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# Options Greeks: 5 Risk Factors & Uses

Updated: Jul. 06, 2022

Mathematical models are used by the financial industry to determine the theoretical value of an option based on key parameters such as the price and volatility of the underlying security, time to expiration, interest rates, and others. The relationship of an option’s price to each of these parameters can thus be described mathematically and five such relationships have been given the names of Greek letters.

## Options Greeks Explained

Mathematical formulas such as the Black-Scholes Option Pricing Model (BSOPM) are used throughout the industry to determine the theoretical value of any option using the following parameters:

• Type of option (put or call)
• Strike price of the option contract
• Duration of the contract
• Price of the underlying security
• Historical volatility of the underlying security
• Dividends payable from the underlying security
• Interest Rate

When trading options, using them to hedge stock positions, or building stock and option investment strategies, it is important to understand how an option’s price may be expected to change as these parameters change. The option type and strike price are fixed characteristics for each contract, but the other parameters can all change, with the price and volatility of the underlying being especially important to the price of an option.

How the price of an option will change when these parameters change is thus important and the following measures, named for Greek letters, describe these relationships:

• Delta – A measure of how much an option’s price will change relative to the price of the underlying security.
• Vega – A measure of how much an option’s price will change relative to a change in the volatility of the underlying security.
• Theta – A measure of how much an option’s price will change relative to time (i.e. as it gets closer to its expiration).
• Rho – A measure of how much an option’s price will change relative to changes in interest rates.
• Gamma – A measure of how much an option’s Delta will change when the price of the underlying security changes.

The Greeks can measure potential opportunity as well as risk and are frequently used to gauge these factors in an individual option position, a combined stock-option strategy, or an entire portfolio. Greeks are generally available from options pricing services, so investors do not need to calculate them.

Tip: Option pricing models and Greeks provide theoretical values only. While theoretical values provide an important guide and can be of significant assistance in developing investment strategies, actual prices are determined in the marketplace and may not necessarily conform to the models.

## Greek Option Delta

Delta is defined as the theoretical change in an option’s price for a \$1 change in the price of the underlying security. Delta can be helpful to an investor in the following ways:

• Option selection. The Delta of different available options can be used to fine-tune the desired level of directional exposure to the underlying.
• Strategy enhancement. Delta can be used to create or compare different option strategies for given objectives.
• Probability of expiring in the money. Delta can be used to approximate the probability of an option expiring in the money.
• Risk management. The exposure of an entire portfolio containing options to movements in the market can be determined by the Delta of the portfolio as a whole.

Note: Delta is defined to represent the change in an option’s price for a \$1 change in the underlying. If an investor is interested, however, in how much the option is expected to move from say a \$5 move in the underlying stock, it is not accurate to simply multiply the Delta by five as the relationship is not linear. Each successive \$1 move in the underlying will have a different Delta. The difference is defined by the option’s Gamma.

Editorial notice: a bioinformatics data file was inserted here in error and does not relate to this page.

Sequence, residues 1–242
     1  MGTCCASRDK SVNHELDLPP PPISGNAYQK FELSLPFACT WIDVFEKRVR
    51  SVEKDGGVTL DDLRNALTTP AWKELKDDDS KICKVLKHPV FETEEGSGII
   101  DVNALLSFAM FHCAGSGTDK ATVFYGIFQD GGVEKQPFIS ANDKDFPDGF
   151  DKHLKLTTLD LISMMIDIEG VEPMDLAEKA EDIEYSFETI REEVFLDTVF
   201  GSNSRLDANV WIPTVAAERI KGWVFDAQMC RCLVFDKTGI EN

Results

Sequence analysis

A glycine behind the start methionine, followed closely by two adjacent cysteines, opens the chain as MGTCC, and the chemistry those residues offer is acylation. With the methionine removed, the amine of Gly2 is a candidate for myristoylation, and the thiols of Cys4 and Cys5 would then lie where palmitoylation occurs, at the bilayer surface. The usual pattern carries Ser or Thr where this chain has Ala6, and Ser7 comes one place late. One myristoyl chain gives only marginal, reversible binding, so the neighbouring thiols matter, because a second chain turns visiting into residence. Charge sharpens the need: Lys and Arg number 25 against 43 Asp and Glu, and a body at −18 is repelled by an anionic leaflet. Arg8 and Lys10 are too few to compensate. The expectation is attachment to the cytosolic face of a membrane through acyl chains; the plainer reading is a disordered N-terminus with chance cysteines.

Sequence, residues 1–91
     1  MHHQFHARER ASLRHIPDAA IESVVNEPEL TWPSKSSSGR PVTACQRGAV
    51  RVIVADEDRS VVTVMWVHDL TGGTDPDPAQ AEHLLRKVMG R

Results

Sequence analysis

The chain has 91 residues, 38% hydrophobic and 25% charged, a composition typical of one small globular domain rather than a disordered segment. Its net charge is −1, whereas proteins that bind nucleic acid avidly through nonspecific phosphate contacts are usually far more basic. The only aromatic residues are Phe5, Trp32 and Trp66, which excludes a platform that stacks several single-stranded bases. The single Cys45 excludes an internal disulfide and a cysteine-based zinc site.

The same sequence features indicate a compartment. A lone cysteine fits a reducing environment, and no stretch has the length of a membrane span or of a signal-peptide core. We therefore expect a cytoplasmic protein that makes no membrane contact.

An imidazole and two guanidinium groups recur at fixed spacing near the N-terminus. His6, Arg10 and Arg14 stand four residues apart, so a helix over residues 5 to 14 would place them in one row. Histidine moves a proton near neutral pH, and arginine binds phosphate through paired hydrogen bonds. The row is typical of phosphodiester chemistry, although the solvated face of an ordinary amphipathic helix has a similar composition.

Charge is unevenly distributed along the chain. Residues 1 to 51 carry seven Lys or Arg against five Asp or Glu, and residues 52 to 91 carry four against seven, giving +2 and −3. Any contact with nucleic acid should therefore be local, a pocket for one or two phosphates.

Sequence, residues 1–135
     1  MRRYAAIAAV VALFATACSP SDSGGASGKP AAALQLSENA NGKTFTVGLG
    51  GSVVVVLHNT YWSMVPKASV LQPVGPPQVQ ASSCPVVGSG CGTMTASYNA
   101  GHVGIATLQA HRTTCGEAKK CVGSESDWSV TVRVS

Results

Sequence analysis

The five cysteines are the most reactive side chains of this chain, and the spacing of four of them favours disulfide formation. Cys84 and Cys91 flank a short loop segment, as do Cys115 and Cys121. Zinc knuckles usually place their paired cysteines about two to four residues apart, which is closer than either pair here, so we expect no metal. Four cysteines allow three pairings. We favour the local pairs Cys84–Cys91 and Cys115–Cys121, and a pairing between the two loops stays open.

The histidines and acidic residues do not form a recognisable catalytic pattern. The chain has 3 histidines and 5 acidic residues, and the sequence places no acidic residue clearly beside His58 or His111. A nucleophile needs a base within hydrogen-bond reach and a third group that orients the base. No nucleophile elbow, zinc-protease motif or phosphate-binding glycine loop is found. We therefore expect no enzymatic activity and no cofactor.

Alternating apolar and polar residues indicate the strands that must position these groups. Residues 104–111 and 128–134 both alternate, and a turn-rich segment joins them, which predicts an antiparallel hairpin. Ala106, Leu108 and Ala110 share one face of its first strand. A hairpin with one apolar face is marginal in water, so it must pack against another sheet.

### Delta Option Example

Apple (AAPL) recently traded at 140, and the AAPL Aug 130 put had a market price of \$3.60 with a Delta of .26. The Delta implies a 26% probability that the 130 put contract will expire in the money or a 74% chance of keeping the premium of \$360 if AAPL expires above 130 at expiration.

### Delta Option Greek Considerations

• Deltas are calculated for a \$1 move in the underlying stock. Depending on which direction the underlying moves, the delta of the next \$1 move will be slightly more or less than the current Delta.
• Options are affected by other variables. These other variables (volatility, time, etc,) can either offset a Delta move or add to it.
• The composite Delta for a diversified portfolio (which is determined by adding the Deltas of all positions in the portfolio) can inform the investor as to their exposure to an up or down movement in the market as a whole.
• As a rule of thumb, the Delta of an at-the-money option will generally be near .5 and will be higher for in-the-money strike prices and lower for out-of-the-money strikes with the same expiration.

## Gamma Options

Gamma measures the change in an option's Delta, given a \$1 move in the underlying security. Gamma is helpful for determining whether an option’s Delta will increase or decrease for moves greater than \$1 in the underlying and by how much.

• Gamma values are largest for at-the-money options and smallest for in-the-money or out-of-the-money options.
• Gamma can alert investors to the potential for a "Gamma squeeze", which can cause abnormal price movement in the underlying security near an expiration.

### Gamma Option Example

With AAPL trading at 140, the Aug 140 call has a price of \$8.80, a Delta of .56, and a Gamma of .05. That means if AAPL moves up \$1.00, the option should increase by \$.56 but an additional \$1 move up will increase the option by another \$.61 (all else being equal).

### Gamma Risks & Considerations

• Directional risk. Gamma in an option position can help an investor determine the extent to which either risk or opportunity will increase or decrease as an underlying security continues to move in a given direction.
• Price only. As a derivative of Delta, Gamma strictly addresses sensitivity to price change in an underlying security. Gamma does not consider other factors, such as time or volatility.
• Expiration. A positive Gamma is best for long options but risky for short positions. In particular, Gamma becomes more aggressive as expiration approaches, making things challenging for investors with short options who are not hedged with the underlying stock.